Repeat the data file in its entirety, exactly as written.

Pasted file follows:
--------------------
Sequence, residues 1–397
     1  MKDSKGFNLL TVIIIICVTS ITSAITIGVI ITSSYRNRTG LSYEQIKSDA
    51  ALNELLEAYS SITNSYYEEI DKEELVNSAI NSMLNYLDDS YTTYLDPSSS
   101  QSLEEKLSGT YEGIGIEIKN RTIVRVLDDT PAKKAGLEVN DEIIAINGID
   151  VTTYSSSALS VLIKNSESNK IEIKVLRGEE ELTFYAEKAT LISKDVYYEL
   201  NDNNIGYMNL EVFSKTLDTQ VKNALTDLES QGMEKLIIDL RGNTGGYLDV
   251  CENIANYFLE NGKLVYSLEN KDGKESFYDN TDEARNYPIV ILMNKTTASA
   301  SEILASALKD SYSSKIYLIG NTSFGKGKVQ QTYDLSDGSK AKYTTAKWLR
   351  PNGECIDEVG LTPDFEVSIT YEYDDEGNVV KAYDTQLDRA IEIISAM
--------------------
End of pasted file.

Sequence, residues 1–397
     1  MKDSKGFNLL TVIIIICVTS ITSAITIGVI ITSSYRNRTG LSYEQIKSDA
    51  ALNELLEAYS SITNSYYEEI DKEELVNSAI NSMLNYLDDS YTTYLDPSSS
   101  QSLEEKLSGT YEGIGIEIKN RTIVRVLDDT PAKKAGLEVN DEIIAINGID
   151  VTTYSSSALS VLIKNSESNK IEIKVLRGEE ELTFYAEKAT LISKDVYYEL
   201  NDNNIGYMNL EVFSKTLDTQ VKNALTDLES QGMEKLIIDL RGNTGGYLDV
   251  CENIANYFLE NGKLVYSLEN KDGKESFYDN TDEARNYPIV ILMNKTTASA
   301  SEILASALKD SYSSKIYLIG NTSFGKGKVQ QTYDLSDGSK AKYTTAKWLR
   351  PNGECIDEVG LTPDFEVSIT YEYDDEGNVV KAYDTQLDRA IEIISAM